Pre-Program Design Sets Grant Writers Up for Success

by | Mar 25, 2020 | Development/Fundraising, Grant Research, Grant Writing

Do you want to know the easiest way to set your development director or grant writer up for success?

Use Pre-Program Design to create a stellar program.

Pre-Program design, that’s right. Your grant writer can do everything else right. They can develop good relationships with foundation officers. Present complete financial reports. Craft a beautiful story to highlight your organization’s history and prior successes. As a matter of fact, they can check all these boxes, but that isn’t enough to secure dollars.

At the end of the day, your grant writer must have a well-written program design that captures a donor’s interest and compels them to act. Ths is accomplished with Pre-Program Design strategies.

Your organization might have the most gifted grant writer on earth. Still, they cannot be expected to “whip up a winning proposal out of thin air” any more than the world’s best jockey could be expected to win the Kentucky Derby riding a pony. -Marie Palacios

Your grant writer will appreciate it if you follow a few critical guidelines BEFORE you ask them to write a winning proposal.

Top 11 Tips for Pre-Program Design

1. NEVER create a program just to chase after grant funds

Grant funds are great to start a program, but rarely provide on-going support. Therefore only pursue funds for programs that your organization has thoughtfully considered. They should align with your mission statement and vision. Generally speaking they should help you achieve established strategic plan goals.

2. Confirm the need

Demonstrate a compelling need for action by your organization. For example, using relevant statistics and credible accounts from community leaders and members within your service area.

3. Conduct a community assessment BEFORE designing a new program

Have you identified a need or problem in your community? If so, the next step is to make sure your board/staff completes due diligence. Although you identified a need, other local entities may already be working to meet the need. For this reason proper due diligence is key.

4. Don’t duplicate. Be willing to partner to bridge gaps

Once you find a need within the scope of your mission, you might try to work alone. Don’t do it. For one thing, if the need is truly great, some other local groups are working on the same thing. With this in mind, get connected. Figure out how you can share resources and avoid duplicating services. In the long run this type of partnership helps your community leverage more funding for the project.

5. Collaboration NOT competition

Program funds are not as readily available as they were a decade ago. In particular, donors want to see how grantees can make the most impact with their dollars. Donors favor proposals that include strong community support and collaboration. If another entity is better positioned to take the lead on the program, are you willing to support their efforts?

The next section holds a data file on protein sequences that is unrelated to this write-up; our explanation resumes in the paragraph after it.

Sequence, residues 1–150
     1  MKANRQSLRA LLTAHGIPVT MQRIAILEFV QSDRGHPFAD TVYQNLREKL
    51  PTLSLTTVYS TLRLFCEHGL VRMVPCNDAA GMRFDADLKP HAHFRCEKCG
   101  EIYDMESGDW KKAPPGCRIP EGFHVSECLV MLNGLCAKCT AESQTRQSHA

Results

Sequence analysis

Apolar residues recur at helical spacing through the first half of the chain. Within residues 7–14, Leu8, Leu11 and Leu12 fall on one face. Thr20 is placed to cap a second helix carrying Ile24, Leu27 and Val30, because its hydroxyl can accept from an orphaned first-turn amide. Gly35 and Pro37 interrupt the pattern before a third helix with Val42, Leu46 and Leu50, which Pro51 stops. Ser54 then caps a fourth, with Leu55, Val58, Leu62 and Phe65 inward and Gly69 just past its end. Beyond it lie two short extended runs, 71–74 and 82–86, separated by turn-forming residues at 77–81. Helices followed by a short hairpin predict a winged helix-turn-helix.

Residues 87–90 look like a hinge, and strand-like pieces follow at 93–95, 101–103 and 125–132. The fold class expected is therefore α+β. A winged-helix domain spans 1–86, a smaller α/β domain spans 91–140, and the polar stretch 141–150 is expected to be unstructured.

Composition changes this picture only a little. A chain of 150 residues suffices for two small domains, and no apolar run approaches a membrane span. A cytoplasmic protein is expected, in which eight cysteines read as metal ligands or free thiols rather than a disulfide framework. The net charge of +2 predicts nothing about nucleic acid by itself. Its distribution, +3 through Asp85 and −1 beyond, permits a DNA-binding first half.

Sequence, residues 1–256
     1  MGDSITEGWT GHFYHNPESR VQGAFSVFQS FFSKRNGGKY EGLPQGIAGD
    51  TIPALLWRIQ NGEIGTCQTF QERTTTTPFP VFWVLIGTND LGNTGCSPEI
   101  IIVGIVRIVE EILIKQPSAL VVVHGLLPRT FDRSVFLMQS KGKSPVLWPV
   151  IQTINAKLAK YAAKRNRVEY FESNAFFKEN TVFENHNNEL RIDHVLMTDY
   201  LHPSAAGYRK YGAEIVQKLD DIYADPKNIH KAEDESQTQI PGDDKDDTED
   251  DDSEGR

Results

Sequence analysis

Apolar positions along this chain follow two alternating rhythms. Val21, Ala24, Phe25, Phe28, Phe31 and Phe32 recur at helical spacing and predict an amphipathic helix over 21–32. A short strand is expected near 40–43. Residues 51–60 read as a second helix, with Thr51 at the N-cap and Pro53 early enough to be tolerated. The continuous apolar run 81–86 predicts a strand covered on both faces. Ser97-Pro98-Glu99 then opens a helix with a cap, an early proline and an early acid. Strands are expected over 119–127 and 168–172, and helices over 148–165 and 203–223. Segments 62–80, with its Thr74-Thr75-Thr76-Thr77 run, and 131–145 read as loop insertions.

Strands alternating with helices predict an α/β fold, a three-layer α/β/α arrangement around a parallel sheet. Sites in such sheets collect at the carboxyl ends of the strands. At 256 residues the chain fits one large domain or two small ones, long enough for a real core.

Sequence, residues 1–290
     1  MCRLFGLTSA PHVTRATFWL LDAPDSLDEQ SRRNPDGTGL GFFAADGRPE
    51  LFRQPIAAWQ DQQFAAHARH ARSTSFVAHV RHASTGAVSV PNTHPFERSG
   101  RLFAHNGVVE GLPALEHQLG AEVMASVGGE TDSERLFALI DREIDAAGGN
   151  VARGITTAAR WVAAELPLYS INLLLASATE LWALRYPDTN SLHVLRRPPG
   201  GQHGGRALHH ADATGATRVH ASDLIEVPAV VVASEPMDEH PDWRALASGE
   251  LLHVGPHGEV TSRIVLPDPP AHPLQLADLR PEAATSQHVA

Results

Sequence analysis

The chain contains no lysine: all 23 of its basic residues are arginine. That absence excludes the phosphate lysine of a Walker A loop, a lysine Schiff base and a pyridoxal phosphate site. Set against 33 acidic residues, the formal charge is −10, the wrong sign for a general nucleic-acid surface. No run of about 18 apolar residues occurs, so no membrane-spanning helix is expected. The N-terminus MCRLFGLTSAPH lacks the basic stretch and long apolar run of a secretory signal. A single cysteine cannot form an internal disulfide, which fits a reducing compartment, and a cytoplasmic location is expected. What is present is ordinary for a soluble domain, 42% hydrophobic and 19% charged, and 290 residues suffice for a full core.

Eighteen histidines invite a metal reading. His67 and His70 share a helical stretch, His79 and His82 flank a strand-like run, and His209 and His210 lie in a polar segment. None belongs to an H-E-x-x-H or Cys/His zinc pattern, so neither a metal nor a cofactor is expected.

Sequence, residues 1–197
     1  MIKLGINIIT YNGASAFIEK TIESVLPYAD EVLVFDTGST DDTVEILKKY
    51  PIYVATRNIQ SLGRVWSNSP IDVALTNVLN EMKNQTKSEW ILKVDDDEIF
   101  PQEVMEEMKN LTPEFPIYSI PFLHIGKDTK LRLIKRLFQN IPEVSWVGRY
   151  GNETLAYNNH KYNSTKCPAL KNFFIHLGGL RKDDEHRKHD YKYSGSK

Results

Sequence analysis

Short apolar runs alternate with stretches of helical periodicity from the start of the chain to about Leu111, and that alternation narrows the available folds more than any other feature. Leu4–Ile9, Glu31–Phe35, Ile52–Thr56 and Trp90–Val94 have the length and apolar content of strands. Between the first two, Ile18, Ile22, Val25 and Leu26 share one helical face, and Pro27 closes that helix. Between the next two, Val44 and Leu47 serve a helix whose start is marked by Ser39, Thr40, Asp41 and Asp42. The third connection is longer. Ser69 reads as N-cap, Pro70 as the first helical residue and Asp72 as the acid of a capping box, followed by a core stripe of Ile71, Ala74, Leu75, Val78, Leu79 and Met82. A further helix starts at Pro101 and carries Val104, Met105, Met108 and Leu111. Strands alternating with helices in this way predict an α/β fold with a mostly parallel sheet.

6. Evaluate successful programs before designing your own

It’s no secret that evidence-based programs have a higher chance for success. To that end, reach out to experts in the field. Ask about any similar programs in the region, state, or nation that have a proven track record. Additinally, contacting program officers for tips on staffing, equipment, curriculum, capacity, service models, sustainability, etc. is helpful.

7. Outline your solution

Approach this “pre-design” task as a visioning session. Together with key members of your team and community, engage in a “visioning session”. The resulting session should gather input, brainstorm solutions, and achieve consensus about the program.


8. Evaluate Resources

Ask your team, “What resources are CRITICAL to meeting program goals? Work together to identify critical vs ideal resources. Specifically, consider things like human resources, adequate program space, supplies, materials and partnerships.

9. Who will do what?

Confirm if your staff has the time, energy, and expertise to effectively run the program. It’s equally important to refrain from ambiguous statements such as “current staff will assume responsibility for the program/project”. By all means consider current job descriptions. That said, don’t make the excuse of NOT hiring new/needed program staff when appropriate.

10. Define your target population

Be intentional about who the program is intended to serve. By the same token it’s important to determine if your organization has the credibility to engage your target audience. If not, can they gain that credibility?

11. Establish systems for tracking impact

Everyone must know the intended IMPACT of the program. Chiefly, how will success be tracked, measured and reported? You must know this Before your program can launch or your grant writer can craft a proposal. It is important to realize a program with a proven history of success is more likely to achieve long-term sustainability.

Have you have checked off all the above pre-program design tips? If so, are you ready to brainstorm and organize written components of the program design process? Check out our easy to use free tool:

“Grant in a Box: Where Program Design and Grant Planning Intersect”

Get Your Free Grant Readiness Checklist


Would it be helpful to know what you need to jump in and start working on most grant applications before you begin the grant writing process?


Get your free grant readiness checklist today!

It's on it's way! Are you ready to get started? We hope so because the download link for the checklist is going to hit your inbox any second now.

No products in the cart